What’s the Affordable Connectivity Program (ACP) and why should you care?
The ACP was created through the Bipartisan Infrastructure Law with the aim of lowering the cost of internet for students and families. Who wouldn’t grab that opportunity, right? Well, millions of eligible households are actually still unenrolled, but this can change by ensuring that every eligible household can get connected.
Online For All is rallying corporate, philanthropic, government, community-based, and national organizations to meet this moment. The ACP Week of Action, taking place June 14 to 22, 2023 to bring together organizations and leaders from all sectors – from ACP outreach to installment to adoption – to spread awareness of this program, help households enroll, and share the story of how ACP is helping close the digital divide.
When households lack internet connectivity, the lack access to numerous services, resources, and opportunities. Internet connection is healthcare; civic and economic engagement; entertainment, culture, and community. Online For All captures this in some impactful statistics:
- Higher home broadband adoption rates increase standardized test scores across the board, with higher gains for Black, Latino, and low-income students. (Telecommunications Policy)
- Twenty-five percent of African American and 24% of low-income teens said they were sometimes or often unable to complete homework because they did not have access to a reliable computer or internet connection.
(Multimedia Media, Telecom, & Internet Council)
- Even after controlling for a host of other socioeconomic factors, a 1% increase in broadband access across the US reduced Covid mortality by approximately 19 deaths per 100,000, all things equal.
- The impact was even more stark in urban areas—in metro counties alone, a 1% increase in broadband access reduced Covid mortality by 36 deaths per 100,000, holding all else constant.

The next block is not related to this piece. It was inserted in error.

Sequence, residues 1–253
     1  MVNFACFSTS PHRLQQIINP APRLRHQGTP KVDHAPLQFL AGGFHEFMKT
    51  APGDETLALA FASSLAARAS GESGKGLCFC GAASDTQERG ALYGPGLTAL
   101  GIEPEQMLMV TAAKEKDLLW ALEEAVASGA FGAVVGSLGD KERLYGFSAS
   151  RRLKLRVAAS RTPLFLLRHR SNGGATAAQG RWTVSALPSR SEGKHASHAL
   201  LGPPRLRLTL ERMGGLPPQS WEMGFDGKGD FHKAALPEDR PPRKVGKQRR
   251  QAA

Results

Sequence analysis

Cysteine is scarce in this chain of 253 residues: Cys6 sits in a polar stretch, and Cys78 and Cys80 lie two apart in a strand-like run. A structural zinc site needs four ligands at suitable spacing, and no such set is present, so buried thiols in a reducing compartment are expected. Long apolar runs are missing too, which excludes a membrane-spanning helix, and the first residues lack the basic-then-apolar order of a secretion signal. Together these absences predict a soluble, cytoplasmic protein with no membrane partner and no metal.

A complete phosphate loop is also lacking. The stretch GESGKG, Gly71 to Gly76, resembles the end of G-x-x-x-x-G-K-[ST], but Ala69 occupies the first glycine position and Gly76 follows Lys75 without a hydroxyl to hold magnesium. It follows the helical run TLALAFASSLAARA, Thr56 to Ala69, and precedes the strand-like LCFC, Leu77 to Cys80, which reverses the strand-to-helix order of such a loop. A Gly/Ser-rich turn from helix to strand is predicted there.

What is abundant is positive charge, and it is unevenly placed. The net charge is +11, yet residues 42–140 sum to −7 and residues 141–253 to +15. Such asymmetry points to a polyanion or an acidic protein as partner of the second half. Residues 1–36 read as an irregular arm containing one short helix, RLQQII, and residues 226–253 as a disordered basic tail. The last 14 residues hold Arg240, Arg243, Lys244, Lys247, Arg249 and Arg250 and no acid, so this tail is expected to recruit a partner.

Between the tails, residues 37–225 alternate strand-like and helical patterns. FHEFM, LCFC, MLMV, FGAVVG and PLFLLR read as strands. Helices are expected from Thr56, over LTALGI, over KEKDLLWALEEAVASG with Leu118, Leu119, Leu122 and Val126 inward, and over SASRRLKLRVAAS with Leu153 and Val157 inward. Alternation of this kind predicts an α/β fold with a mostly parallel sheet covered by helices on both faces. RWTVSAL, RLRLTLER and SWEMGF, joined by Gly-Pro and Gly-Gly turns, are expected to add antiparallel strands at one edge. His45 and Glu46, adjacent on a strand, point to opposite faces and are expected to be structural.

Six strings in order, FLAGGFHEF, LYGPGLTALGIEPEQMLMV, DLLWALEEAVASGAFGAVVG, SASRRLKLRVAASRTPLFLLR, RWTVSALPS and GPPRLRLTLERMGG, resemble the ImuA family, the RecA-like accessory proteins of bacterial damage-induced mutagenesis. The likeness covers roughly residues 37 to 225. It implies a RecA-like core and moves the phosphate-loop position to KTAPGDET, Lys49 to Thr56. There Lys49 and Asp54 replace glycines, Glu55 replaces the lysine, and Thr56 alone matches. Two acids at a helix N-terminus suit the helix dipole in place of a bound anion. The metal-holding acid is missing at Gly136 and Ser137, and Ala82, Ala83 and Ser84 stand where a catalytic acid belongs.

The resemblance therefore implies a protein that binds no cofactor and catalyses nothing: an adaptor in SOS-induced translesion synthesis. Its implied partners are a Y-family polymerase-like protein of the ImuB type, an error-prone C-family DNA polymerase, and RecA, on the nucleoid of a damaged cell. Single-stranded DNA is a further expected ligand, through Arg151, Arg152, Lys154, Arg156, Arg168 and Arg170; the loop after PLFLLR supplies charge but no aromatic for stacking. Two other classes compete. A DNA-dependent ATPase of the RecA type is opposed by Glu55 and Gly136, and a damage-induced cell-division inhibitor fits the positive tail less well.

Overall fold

- People who qualify for jobs that require even one digital skill can earn an average of 23 percent more than those working in jobs requiring no digital skills — an increase of $8,000 per year for an individual worker.
(National Skills Coalition)
- Nearly one-third of U.S. workers do not have foundational digital skills, and workers of color fall disproportionately into this category due to structural inequities.
(National Skills Coalition)
While Online For All is helping us do the work across organizations and silos of work, it’s going to take all of us to ensure every eligible American can get connected.
In the spaces you work and live, ask about people’s home internet access. We all have a story to share about our own struggles with internet access, and can use these to invite others to share their own stories. If you come across someone who would benefit from greater internet access at an affordable rate, invite them to reach out to us at the Carroll Technology & Innovation Council for guidance and point them towards OnlineForAll.org to apply for low-cost internet.
In addition to these life-changing interactions you can spark by starting a conversation about internet access, talk about internet access as the human right it is evolving into. Internet is becoming as essential as a roadway for accessing resources. Help your community get online during ACP Week of Action and every week.